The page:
I recently completed some research on communication, specifically communicating with the use of our cellphones and was surprised to learn that there is such a thing as:
Nomophobia by definition is a phobia of being without a cellphone, specifically not having a cell signal and fear of low or no battery, which keeps one from the use of their cellphone. Symptoms of Nomophobia include phantom vibrations, panic attacks, dizziness, shortness of breath, nausea, sweating, elevated heartbeat, trembling, and chest pain.
It gets better!
I read some recent research from May 2017 that suggested adults, ages 18 to 40, are becoming increasingly addicted to their phones with habits including:
- The average adult (18 to 40 years old) will check their phone 110 times a day
- 12% of adults use their phones while showering
- 44% of adults check job-related emails by phone while on vacation
- 75% of users admit that they text while driving
- The average user will spend 2 hours and 51 minutes a day on their cellphone..
- That’s just shy of 20 hours a week (a part-time job)
- That’s 80 hours a month
- That’s 10 “working days” out of a 30 day month or the equivalent of 1/3 of your working hours spent on your phone!
For centuries mankind has been hard at work to communicate more, and to communicate more effectively. Think about it! We’ve come a LONG way from cave-wall carvings!
- Carvings on stone and cave-walls
- Smoke signals
- Carrier Pigeon(s)
- Letters by horseback
- USPS (“snail-mail”)
- Dial-up Internet
- Mobile Phone
- SMS (text message)
- Social Media
Each one of these modes and methods of communication has been an attempt at communicating in various relationships, an effort to hear and to be heard.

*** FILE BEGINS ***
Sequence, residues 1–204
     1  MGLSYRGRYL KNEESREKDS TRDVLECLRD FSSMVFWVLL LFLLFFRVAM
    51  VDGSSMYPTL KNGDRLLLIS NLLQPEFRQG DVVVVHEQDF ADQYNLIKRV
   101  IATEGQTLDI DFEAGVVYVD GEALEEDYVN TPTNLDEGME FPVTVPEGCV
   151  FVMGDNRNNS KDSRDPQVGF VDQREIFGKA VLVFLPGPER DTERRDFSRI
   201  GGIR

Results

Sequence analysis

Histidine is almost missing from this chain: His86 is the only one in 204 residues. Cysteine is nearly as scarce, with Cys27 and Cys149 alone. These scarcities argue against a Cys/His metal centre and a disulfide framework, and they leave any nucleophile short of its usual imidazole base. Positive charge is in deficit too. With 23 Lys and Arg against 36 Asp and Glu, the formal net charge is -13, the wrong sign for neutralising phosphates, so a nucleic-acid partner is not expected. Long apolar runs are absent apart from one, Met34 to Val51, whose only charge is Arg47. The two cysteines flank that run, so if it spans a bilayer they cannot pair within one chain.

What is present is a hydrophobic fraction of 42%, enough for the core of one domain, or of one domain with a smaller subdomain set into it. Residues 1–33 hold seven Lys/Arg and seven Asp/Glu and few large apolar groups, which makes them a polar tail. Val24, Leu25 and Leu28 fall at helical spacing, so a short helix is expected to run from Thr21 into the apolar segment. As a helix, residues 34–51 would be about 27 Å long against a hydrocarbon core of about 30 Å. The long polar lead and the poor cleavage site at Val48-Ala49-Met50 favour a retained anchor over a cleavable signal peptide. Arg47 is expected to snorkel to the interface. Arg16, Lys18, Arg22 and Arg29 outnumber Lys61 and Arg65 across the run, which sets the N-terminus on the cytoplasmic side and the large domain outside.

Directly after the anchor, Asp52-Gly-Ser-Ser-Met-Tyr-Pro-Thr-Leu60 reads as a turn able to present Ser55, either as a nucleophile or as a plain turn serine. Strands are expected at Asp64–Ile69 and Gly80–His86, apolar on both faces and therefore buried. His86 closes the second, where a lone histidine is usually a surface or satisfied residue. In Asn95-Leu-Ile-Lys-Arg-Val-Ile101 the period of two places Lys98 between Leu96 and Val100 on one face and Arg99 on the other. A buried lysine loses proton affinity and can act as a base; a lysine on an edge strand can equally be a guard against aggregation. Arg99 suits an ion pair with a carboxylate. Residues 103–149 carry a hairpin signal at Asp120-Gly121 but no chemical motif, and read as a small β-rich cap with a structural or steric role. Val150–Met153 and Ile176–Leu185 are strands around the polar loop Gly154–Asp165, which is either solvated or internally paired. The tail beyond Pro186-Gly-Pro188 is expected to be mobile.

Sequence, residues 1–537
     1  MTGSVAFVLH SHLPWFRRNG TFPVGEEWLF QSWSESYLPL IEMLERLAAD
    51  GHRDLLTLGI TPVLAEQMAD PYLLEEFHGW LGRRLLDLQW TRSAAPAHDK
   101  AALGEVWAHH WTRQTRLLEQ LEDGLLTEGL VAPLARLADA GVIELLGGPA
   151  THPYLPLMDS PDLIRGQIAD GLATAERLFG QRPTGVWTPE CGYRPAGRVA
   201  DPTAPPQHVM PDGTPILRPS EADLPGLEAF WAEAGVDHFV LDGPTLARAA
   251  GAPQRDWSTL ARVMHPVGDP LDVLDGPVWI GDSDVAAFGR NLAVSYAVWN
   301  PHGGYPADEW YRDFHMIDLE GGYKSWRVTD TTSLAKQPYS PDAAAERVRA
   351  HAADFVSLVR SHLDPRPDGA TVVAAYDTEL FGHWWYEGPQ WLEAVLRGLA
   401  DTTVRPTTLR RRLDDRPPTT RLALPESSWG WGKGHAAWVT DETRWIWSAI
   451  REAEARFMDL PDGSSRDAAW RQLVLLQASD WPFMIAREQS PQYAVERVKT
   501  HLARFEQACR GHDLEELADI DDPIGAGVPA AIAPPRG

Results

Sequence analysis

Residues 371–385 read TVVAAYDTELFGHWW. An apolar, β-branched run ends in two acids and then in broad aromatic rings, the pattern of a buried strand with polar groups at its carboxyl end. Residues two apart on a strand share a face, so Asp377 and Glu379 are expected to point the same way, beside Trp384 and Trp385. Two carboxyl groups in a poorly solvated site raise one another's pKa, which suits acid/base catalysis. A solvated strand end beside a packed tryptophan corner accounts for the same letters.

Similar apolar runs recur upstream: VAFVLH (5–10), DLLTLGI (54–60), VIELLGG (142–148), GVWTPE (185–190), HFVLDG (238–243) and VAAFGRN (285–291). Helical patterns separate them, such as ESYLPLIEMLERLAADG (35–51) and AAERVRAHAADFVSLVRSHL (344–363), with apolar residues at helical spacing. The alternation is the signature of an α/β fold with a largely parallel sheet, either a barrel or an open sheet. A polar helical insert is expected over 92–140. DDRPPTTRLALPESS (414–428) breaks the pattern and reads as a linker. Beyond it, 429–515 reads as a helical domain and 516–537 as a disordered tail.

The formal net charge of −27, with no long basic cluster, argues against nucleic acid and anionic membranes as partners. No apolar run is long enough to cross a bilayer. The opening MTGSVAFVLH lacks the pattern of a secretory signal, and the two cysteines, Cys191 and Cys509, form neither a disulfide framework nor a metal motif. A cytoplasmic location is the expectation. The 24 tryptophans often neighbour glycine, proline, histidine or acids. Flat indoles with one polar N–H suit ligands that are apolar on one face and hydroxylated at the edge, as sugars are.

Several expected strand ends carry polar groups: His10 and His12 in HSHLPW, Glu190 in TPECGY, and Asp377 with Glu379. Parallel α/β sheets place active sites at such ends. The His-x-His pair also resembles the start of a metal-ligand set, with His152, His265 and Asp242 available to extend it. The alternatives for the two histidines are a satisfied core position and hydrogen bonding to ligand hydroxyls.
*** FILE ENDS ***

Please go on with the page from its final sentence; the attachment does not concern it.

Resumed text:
What about your relationships with God?
How often do you spend time working on your communication with God? Listening. Seeking. Asking. Talking. Understanding. What would happen – how would your faith and your relationship with God look different if you were to intentionally invest in communication with him through prayer in the same way as an average person does communicating on their cellphone?
In Jesus’ famous Sermon on The Mount he addresses prayer first in Matthew 6 (The Lord’s Prayer), and again in Matthew 7:7-11.
7 “Keep on asking, and you will receive what you ask for. Keep on seeking, and you will find. Keep on knocking, and the door will be opened to you. 8 For everyone who asks, receives. Everyone who seeks, finds. And to everyone who knocks, the door will be opened. 9 “You parents—if your children ask for a loaf of bread, do you give them a stone instead? 10 Or if they ask for a fish, do you give them a snake? Of course not! 11 So if you sinful people know how to give good gifts to your children, how much more will your heavenly Father give good gifts to those who ask him.
There is so much to unpack in this passage, but there are just a few that I am going to address.
First, Jesus says, “keep on”. This isn’t about being repetitive or bugging God into submission. Keeping on suggests an ongoing conversation or dialogue. It’s one that continues to develop over time.
KEEP ON COMMUNICATING WITH GOD!
Next, in relationship to “keeping on”, Jesus is going to introduce 3 active-imperatives:
An active-imperative in the original language lets us know that we have a responsibility where our faith is concerned, that communication with God doesn’t just happen. It takes work. It requires intentionality. It demands attention. More on this later…
I want to look a little closer at the 3 descriptors that God gives us regarding our responsibility in prayer.
Before we can effectively address what Jesus is calling us to regarding how and why we should pray, we must first understand some pretty important culture and context behind Jesus’ prayer in Matthew 7. If we don’t we run the risk of taking our commitment to prayer WAY out of context!
If you read Jesus’ words in Matthew 7:7-11 out of context, it looks almost as though it reads:
“God, whatever I ask for, you’re going to give to me.”
“God, whatever I’m looking for, you’re going to help me find, right?!”
“God, whenever I knock, you’re obligated to open the door that I want entrance into!”
There are entire theologies, even a doctrine, predicated on this type of misappropriation of Scripture; whole systems, even churches, that have established themselves on the teaching that we can have whatever we want, otherwise known as “name it…claim it!”, theology because of a gross abuse of this passage taken WAY! out of context.